Again, similar to the previous focus groups, the participants indicated they receive their health information from the internet and word of mouth. Those they talk to included friends, family, individuals at work, and health care providers. The senior centers seemed to be a hub of activity, and many indicated it was an outlet for information on community events. Data regarding income is inconclusive due to the majority of participants indicating they would prefer not to disclose. Retirees made up this group for the most part, but those still working indicated they worked in an office or an educational setting. Private insurance and government assistance were the two methods of payment for breast cancer treatment. Additionally, this group indicated they did not experience not being able to see a health care provider due to cost. The group was split between having only one person they considered as their primary health care provider and having more than one providing care.
Only four focus group participants indicated they had been diagnosed with breast cancer, and their average age of diagnosis was 38 years of age. Two participants also indicated that they had yet to receive a mammogram. As with the first Branson focus group, all of the participants had at least graduated high school, and was the most educated group in the priority area with four participants stating they had received a bachelor’s degree and two stating they had received a master’s degree. Income correlated with educational level, and more participants indicated having a household income of more than $50,000. There was one outlier for the group indicating a household income less than $10,000. For those still employed, the majority worked in a professional setting. One participant indicated being an American Indian, and the rest selected White for racial background.
Overwhelmingly, this group selected internet as being a source for health information, and second was word of mouth. Those they considered for information from were friends, medical providers, and someone listed employer. This group relied on the newspaper and Facebook to get information related to community and social events.
Of those requiring breast cancer treatment, the participants selected private insurance and self-pay as the options for paying for the treatment. This group did not rely on any type of government assistance. The majority indicated they only had one primary health care provider and did not avoid seeing a health care provider due to cost.
All of the focus group participants indicated they had not received a breast cancer diagnosis, but not all had received a mammogram. Four participants indicated they had never received a mammogram although they fell within the recommended age range. The educational level varied within this group. The highest degree level attained was an associate’s degree, and one participant indicated not graduating from high school. Many participants had attempted some form of college credit, but less than one year. Income was more evenly distributed within this group with one person earning less than $10,000, and one person earning more than $50,000. The majority fell within the $30,001-$40,000 range. Primary occupation was varied from homemaking (three participants) to disabled veteran (one participant), but the majority worked in a professional setting. One person was of a Hispanic background, while the rest were White.
For health care information sources, this group selected first the internet and second social media. Word of mouth, while mid-ranked, was behind television. The rural nature of this community may influence how individuals receive information. Overall, this group think of one person as their personal health care provider, and have not needed to worry about cost and health care access.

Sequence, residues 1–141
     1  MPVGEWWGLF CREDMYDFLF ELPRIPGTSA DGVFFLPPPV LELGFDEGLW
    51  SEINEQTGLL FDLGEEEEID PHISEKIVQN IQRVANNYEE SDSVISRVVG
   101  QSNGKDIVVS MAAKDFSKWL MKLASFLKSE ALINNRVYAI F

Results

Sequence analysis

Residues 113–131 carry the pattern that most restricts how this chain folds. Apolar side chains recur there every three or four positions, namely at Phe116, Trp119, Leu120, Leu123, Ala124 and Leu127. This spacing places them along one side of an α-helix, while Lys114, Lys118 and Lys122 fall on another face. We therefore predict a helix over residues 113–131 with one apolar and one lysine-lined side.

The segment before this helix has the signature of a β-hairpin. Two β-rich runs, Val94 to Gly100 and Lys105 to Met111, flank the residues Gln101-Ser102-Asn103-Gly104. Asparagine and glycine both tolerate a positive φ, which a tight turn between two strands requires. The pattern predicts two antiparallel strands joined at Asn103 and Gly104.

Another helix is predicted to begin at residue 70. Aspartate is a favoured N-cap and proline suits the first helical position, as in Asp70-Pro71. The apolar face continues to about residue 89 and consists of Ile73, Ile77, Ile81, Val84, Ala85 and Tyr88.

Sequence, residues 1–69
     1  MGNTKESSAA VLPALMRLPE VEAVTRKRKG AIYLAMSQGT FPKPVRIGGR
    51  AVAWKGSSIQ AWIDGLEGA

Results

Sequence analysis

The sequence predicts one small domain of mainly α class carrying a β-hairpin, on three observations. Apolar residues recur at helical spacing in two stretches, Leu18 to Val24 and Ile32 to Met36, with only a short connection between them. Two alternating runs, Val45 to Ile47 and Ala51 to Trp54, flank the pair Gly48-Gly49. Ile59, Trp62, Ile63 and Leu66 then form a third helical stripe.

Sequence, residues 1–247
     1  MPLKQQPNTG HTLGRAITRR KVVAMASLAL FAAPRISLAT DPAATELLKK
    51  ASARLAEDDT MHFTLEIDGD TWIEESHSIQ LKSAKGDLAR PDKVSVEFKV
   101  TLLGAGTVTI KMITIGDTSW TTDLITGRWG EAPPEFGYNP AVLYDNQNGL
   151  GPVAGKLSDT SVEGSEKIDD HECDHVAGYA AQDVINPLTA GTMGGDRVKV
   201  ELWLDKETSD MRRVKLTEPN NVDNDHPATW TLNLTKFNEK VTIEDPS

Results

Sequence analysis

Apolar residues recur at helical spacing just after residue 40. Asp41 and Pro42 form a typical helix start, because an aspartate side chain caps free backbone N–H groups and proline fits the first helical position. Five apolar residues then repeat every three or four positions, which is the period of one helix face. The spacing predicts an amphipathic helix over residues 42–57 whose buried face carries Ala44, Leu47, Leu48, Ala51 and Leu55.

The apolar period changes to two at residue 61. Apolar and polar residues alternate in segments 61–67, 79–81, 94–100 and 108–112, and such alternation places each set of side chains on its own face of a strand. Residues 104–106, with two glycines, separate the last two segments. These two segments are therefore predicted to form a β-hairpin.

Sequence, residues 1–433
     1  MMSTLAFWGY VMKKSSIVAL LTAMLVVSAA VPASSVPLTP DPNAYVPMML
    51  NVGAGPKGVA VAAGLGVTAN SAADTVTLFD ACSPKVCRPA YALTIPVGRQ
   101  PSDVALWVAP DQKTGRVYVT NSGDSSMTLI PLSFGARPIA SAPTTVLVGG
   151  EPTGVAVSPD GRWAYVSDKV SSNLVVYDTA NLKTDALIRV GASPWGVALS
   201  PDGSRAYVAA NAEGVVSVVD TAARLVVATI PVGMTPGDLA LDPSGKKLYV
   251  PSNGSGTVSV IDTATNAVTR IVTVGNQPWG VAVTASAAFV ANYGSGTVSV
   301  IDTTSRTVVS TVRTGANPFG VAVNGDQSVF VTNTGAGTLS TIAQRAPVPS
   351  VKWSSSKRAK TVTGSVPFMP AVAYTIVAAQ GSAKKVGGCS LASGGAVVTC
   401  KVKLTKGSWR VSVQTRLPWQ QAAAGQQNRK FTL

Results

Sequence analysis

Hispanic Community in Washington, Benton, Sebastian, and Carroll Counties
While there were other health issues related to cancer, this group did not have anyone diagnosed with breast cancer. Of all the participants, only three indicated they had yet to receive a mammogram. Only two participants fell under the recommended screening age. Only two participants had graduated high school, and the rest indicated they had not finished high school. The most frequent language used in writing and in speaking was Spanish, and all indicated they were of a Hispanic, Latina, or Spanish origin.
How this group differed from all previous focus groups was in how they received their health information. The majority indicated it was through word of mouth or mail delivered to the home. Only one participant indicated they used the internet. The majority of participants’ household income was within the range of $10,001-$30,000. All of the participants worked at a poultry processing plan. For the most part, they have one person they view as their primary health provider, and have not been challenged with not being able to see a health care provider due to cost.
All of the participants were healthy, but not all have received a mammogram. Four participants indicated they have yet to receive one. Again, only two participants fell under the recommended screening age. As in the Green Forest focus group, the Springdale participants were not highly educated. The majority had not finished high school, and the outlier for this group was someone with a bachelor’s degree. The most frequent language used in writing and in speaking was Spanish, and all indicated they were of a Hispanic, Latina, or Spanish origin. Again, as in the previous group, the majority received their health information through word of mouth as well as information about community and social events.
Household income levels clustered around $10,001-$20,000, and one participant preferred not to disclose. For occupation, the majority indicated they were in some type of homemaking position, and other care services whether daycare or housekeeping. Differing from the Green Forest focus group, the majority indicated they did not have a primary health care provider, and had instances of not being able to see a health care provider due to cost.